World Bulletin / News Desk
The European Union's top migration official on Friday was visiting the Greek island of Lesbos, a day after the dangerous Aegean Sea crossing attempted by thousands of refugees claimed seven more lives.
European Migration Commissioner Dimitris Avramopoulos was to visit registration facilities on the island, which is on the front line of the refugee influx that has overwhelmed Europe this year.
Avramopoulos, accompanied on Lesbos by Luxembourg Foreign Minister Jean Asselborn, whose country holds the rotating EU presidency, will then give a press conference in Athens.
European leaders are scrambling for solutions to manage the tide and discourage refugees -- many of them refugees from the Syrian war -- from risking their lives in illegal crossings run by traffickers.
On Thursday, a wooden boat carrying dozens of refugees sank near Lesbos after colliding with a Greek coastguard vessel.
Seven people including four children died, and another person is missing.
According to Greece's port police, the boat had apparently been attempting to flee the coastguard vessel.
Over 200 refugees have died making the perilous Aegean Sea crossing from Turkey to Greece this year.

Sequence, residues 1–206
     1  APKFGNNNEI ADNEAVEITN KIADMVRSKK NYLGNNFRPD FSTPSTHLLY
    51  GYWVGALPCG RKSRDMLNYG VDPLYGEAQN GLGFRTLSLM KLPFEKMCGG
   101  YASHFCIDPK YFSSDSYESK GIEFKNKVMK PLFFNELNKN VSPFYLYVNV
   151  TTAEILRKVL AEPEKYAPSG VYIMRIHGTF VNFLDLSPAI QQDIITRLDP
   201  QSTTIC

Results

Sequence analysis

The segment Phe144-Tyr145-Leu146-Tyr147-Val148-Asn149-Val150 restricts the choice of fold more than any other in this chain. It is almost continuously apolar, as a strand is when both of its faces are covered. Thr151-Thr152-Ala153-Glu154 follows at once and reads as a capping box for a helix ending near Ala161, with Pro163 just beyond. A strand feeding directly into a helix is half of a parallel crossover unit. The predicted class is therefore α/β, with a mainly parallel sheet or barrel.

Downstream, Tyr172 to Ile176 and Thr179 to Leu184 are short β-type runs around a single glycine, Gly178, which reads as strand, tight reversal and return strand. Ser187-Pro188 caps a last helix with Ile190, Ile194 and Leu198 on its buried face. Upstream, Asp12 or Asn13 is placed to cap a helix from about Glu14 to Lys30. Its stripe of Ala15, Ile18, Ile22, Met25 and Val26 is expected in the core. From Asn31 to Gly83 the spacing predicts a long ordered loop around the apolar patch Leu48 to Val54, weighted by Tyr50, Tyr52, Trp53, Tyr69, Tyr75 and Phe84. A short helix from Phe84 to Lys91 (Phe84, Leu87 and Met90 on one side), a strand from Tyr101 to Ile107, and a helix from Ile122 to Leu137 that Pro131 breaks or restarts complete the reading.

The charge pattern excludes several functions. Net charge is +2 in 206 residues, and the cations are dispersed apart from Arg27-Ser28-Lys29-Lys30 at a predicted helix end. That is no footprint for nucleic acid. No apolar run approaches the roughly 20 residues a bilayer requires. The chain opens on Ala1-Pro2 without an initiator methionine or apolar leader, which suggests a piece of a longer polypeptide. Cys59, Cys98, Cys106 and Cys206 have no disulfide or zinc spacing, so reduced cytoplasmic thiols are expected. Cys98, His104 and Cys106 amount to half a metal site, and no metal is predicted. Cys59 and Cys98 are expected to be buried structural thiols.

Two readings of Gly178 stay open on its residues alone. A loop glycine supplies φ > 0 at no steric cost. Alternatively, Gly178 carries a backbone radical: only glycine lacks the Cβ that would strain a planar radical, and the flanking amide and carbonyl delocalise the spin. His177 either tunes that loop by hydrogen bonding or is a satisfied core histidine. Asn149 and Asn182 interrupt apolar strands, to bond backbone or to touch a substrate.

On Wednesday, a woman, a young girl and a baby died after their boat sank off Lesbos.
Late on Thursday, EU leaders at a summit had urged Turkey to help stem the refugee flow.
Brussels is offering aid and has dangled the carrot of progress in Turkey's long-standing EU membership talks, which have stalled over its human rights record.
But Ankara has appeared reluctant so far on the refugee plan, demanding more cash and swifter moves towards visa-free travel to Europe, as well as rejecting proposals for more refugee camps.
The International Organization for Migration (IOM) says more than 600,000 refugees have landed on Europe's shores since January, while more than 3,000 had died or gone missing in the attempt.
More than 450,000 people have arrived in Greece, most of them fleeing the civil war in Syria.Güncelleme Tarihi: 16 Ekim 2015, 11:29